Brazil calls on Argentina to integrate and consolidate world’s fifth largest economy
The presence this week of Brazilian president Dilma Rousseff next to Cristina Fernandez at Argentina’s Industrial Union, UIA annual conference was considered a major integration success and highlights the growing interaction of the two leading Mercosur partners.
In her speech to an audience of an estimated 900 government officials and business representatives from both countries, President Rousseff called to work with “a true bi-national business mentality, leaving behind trade misbalances and thus build a new regional industry which helps consolidate the world’s fifth largest economy”.
“Our only option is more integration and more solidarity between the continent’s two major countries”, said Rousseff who called on industry leaders and politicians from Argentina and Brazil to be “more ambitious” and promote investment and cooperation in strategic sectors such as shipbuilding, auto manufacturing, nuclear and space development, infrastructure and energy, and technology research.
Integration between the two countries needs of a permanent dialogue between government and the business community, insisted the Brazilian president. “Together we will be stronger”.
The UIA conference was convened under the heading of “Argentina and Brazil: integration and development or primary production”. The two countries bilateral trade has soared to almost 40bn dollars and Brazil has become Argentina’s main business partner.
However the relation is not without bumps. Cristina Fernandez promised Argentina would make bilateral trade mechanisms more fluid, including ‘consultation policies,’ and less bureaucratic.
In her speech referred to the issue saying integration means an end to trade obstacles in direct reference to the restrictions imposed by the administration of Cristina Fernandez in an attempt to protect emerging Argentine industries, President Rousseff said they continue ‘to generate disappointment and frustration in Brazil’.
“We must overcome trade misbalances, for which we must build a credit channel to make integration more fluid and effective, and at the same time drop ‘personal rivalries’ so we can play a protagonist role in the world”, said Ms Rousseff.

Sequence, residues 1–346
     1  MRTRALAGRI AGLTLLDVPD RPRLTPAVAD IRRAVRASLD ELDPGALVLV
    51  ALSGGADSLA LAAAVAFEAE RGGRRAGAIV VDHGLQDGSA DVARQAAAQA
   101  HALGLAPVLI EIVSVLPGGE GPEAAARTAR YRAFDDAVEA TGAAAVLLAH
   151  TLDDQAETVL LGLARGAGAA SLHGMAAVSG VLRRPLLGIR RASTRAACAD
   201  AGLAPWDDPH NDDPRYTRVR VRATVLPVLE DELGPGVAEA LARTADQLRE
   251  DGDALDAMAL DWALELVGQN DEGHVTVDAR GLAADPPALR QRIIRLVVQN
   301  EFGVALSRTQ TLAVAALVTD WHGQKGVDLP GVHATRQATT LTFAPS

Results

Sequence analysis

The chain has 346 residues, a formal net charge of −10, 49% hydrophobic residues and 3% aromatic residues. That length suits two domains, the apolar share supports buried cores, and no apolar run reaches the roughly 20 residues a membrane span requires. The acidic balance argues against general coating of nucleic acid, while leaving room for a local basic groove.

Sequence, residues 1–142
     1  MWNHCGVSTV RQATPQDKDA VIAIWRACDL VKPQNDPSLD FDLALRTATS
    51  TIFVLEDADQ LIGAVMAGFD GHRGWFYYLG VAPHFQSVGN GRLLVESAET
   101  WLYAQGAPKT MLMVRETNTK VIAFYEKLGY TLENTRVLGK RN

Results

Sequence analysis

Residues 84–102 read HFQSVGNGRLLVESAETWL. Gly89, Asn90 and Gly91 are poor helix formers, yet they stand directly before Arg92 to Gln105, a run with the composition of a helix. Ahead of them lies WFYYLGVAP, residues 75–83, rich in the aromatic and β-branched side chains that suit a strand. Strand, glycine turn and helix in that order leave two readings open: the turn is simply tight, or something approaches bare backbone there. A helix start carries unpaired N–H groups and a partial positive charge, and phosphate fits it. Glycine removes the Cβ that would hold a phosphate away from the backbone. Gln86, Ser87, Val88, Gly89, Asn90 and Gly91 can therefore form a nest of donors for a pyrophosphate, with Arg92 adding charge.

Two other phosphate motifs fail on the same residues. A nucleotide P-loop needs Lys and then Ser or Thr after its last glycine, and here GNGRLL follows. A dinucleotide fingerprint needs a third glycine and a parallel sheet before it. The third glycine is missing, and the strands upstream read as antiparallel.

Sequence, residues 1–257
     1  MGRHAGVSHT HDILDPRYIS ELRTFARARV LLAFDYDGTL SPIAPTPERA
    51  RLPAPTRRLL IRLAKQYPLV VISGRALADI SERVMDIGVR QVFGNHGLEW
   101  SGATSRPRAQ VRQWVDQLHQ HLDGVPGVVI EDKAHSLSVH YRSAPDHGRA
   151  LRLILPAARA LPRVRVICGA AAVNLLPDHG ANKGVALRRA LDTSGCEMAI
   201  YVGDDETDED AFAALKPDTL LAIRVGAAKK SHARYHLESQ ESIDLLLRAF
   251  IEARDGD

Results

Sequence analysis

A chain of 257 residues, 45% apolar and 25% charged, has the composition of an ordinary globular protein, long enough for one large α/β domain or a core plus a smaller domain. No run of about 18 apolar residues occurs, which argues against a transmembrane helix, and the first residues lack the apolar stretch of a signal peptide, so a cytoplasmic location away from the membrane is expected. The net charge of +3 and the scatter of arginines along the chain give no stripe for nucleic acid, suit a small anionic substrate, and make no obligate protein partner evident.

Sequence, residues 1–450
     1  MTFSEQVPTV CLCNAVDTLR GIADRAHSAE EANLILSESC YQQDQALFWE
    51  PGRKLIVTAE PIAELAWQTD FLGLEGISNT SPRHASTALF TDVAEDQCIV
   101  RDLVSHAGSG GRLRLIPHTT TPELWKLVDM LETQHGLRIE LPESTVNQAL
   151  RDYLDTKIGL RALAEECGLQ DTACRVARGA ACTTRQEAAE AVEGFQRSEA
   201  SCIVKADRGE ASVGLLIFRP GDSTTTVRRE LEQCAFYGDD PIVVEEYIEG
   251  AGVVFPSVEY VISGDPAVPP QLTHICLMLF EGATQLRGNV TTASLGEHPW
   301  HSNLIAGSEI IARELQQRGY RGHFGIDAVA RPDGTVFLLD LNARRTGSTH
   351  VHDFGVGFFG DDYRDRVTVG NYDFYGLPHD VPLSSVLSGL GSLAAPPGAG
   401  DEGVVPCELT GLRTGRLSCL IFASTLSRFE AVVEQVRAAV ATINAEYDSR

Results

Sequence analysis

Cristina Fernandez who closed the UIA annual conference said integration was both a need and a ‘defence mechanism’ against the world crisis. She added that Argentina and Brazil have become a family with ‘its problems’ but at the same time together can turn into the locomotive for regional development.
For the UIA and Argentine diplomacy the attendance of President Rousseff was an unexpected success and a very strong signal since the Brazilian leader will not be going to the Unasur summit on Friday and will be missing the taking office of President Enrique Peña Nieto in Mexico next Saturday.
“It is a clear demonstration that Brazil wants to consolidate its links with Argentina, a strategic relation”, said diplomatic sources surprised by the significant ministers and names of the government and private sector delegation that accompanied the Brazilian president.
Earlier in the week Argentina and Brazilian ministers met to address the different issues that continue to irritate the bilateral relations such as the new auto industry bilateral framework understanding. The Brazilian position, expressed with politeness, has been that Argentina should abandon car manufacturing and concentrate on efficient farming.
However Federal Planning minister Julio De Vido in his speech promised Argentine manufacturers that the government plans to invest 120bn dollars in infrastructure in the next five years to further promote the ‘re-industrialization’ of Argentina.
On textiles it was easier since the two countries have a common enemy: China.
Likewise for Brazil it came as a relief that Argentina seems willing to reach some sort of agreement with the non restructured bond holders, an issue which was becoming increasingly uncomfortable for the administration of Dilma Rousseff given the apparent initial intention of her peer not to comply with the rulings of the US courts.